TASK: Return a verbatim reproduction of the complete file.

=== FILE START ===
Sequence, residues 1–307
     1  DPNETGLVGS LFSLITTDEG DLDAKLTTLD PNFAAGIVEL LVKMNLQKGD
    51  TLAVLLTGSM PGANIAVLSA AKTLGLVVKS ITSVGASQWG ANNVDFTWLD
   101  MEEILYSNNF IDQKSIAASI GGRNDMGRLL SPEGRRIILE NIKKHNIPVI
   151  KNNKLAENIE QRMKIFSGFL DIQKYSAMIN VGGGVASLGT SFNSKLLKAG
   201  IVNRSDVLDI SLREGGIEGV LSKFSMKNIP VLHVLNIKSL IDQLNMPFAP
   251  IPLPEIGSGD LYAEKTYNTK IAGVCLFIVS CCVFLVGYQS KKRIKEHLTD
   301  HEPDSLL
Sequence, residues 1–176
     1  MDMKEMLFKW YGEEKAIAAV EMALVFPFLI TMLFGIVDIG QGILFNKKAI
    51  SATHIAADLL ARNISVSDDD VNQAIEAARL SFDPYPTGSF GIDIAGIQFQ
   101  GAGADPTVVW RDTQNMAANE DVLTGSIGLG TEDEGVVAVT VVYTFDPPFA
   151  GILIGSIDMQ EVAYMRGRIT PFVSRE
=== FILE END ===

Sequence, residues 1–307
     1  DPNETGLVGS LFSLITTDEG DLDAKLTTLD PNFAAGIVEL LVKMNLQKGD
    51  TLAVLLTGSM PGANIAVLSA AKTLGLVVKS ITSVGASQWG ANNVDFTWLD
   101  MEEILYSNNF IDQKSIAASI GGRNDMGRLL SPEGRRIILE NIKKHNIPVI
   151  KNNKLAENIE QRMKIFSGFL DIQKYSAMIN VGGGVASLGT SFNSKLLKAG
   201  IVNRSDVLDI SLREGGIEGV LSKFSMKNIP VLHVLNIKSL IDQLNMPFAP
   251  IPLPEIGSGD LYAEKTYNTK IAGVCLFIVS CCVFLVGYQS KKRIKEHLTD
   301  HEPDSLL
Sequence, residues 1–176
     1  MDMKEMLFKW YGEEKAIAAV EMALVFPFLI TMLFGIVDIG QGILFNKKAI
    51  SATHIAADLL ARNISVSDDD VNQAIEAARL SFDPYPTGSF GIDIAGIQFQ
   101  GAGADPTVVW RDTQNMAANE DVLTGSIGLG TEDEGVVAVT VVYTFDPPFA
   151  GILIGSIDMQ EVAYMRGRIT PFVSRE